Thankful Hearts

Close upon three hundred years have gone since the Pilgrims celebrated their first Thanksgiving day. Cotton Mather writes: "The harvest which God thus gave to this pious people caused them to set aside another day for solemn Thanksgiving to the glorious Hearer of Prayers." Fiftythree years ago President Lincoln settled its annual observance as a recurring festival for the United States of America. In so doing he made a proclamation which agrees with what is in the hearts of good men the world around, namely, spontaneous joy and gratitude to God at the time of harvest. Paul in speaking to the people of Lystra—they who were fain to do sacrifice to him as Mercurius because of his healing a cripple "who never had walked,"—turned their thoughts to the unseen God, who, he said, "left not himself without witness, in that he did good, and gave us rain from heaven, and fruitful seasons, filling our hearts with food and gladness." This statement of Paul was in agreement with the psalmist's vision, "The earth is full of the goodness of the Lord," and the words of the Preacher, "The profit of the earth is for all."

In the sowing and harvesting, in the dying of the wheat grain and its resurrection in green blade and ripened ear of wheat, there may seem to be no mystery to the mind Bœotian to whom has come no vision of what Mrs. Eddy brings out in Science and Health (p. 191): "By its own volition, not a blade of grass springs up, not a spray buds within the vale, not a leaf unfolds its fair outlines, not a flower starts from its cloistered cell." Here, however, is the deep wonder and marvel of continuous creation further unfolded by Mrs. Eddy in Science and Health (p. 508): "The seed is in itself, only as the divine Mind is All and reproduces all—as Mind is the multiplier, and Mind's infinite idea, man and the universe, is the product. The only intelligence or substance of a thought, a seed, or a flower is God, the creator of it."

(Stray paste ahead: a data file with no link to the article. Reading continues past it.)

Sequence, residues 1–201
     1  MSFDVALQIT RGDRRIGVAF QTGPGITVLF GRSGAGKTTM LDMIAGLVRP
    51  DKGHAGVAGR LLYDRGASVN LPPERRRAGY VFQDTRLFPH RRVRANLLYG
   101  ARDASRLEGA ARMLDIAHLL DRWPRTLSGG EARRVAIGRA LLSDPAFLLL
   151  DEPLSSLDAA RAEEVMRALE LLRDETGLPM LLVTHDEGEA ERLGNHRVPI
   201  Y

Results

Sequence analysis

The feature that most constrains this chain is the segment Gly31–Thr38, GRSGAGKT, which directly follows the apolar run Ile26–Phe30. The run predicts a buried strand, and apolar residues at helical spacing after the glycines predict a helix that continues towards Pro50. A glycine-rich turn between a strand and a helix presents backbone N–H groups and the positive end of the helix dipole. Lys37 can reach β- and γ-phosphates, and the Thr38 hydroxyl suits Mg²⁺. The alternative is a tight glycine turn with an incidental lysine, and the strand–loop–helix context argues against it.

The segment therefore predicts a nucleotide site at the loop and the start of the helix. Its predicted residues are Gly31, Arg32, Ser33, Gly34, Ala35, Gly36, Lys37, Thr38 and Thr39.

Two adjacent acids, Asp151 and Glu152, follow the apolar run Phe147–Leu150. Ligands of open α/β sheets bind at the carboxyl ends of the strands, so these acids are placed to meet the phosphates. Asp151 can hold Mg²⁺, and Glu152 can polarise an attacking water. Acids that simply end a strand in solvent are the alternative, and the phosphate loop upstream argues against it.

From this viewpoint to think at all is to be grateful. Every recognition of Mind brings with it a peace and tender joy because a sense of resource, of goodness and abundance, of rich inheritance and enduring life, accompanies the thought of God. This gratitude does not need any formal expression, for it is woven into the texture of living like threads of gold that make a rich tapestry gleam and glow. The heart grateful to God lives in continual happiness. "For 'who is so great a God as our God!' unchangeable, all-wise, all-just, all-merciful; the ever-loving, ever-living Life, Truth, Love: comforting such as mourn, opening the prison doors to the captive, marking the unwinged bird, pitying with more than a father's pity; healing the sick, cleansing the leper, raising the dead, saving sinners" (Miscellaneous Writings, p. 124). It is not correct, then, to say that only one day in the year is dedicated to thanksgiving by those who recognize God as the giver of good.

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Be of Good Cheer
November 24, 1917

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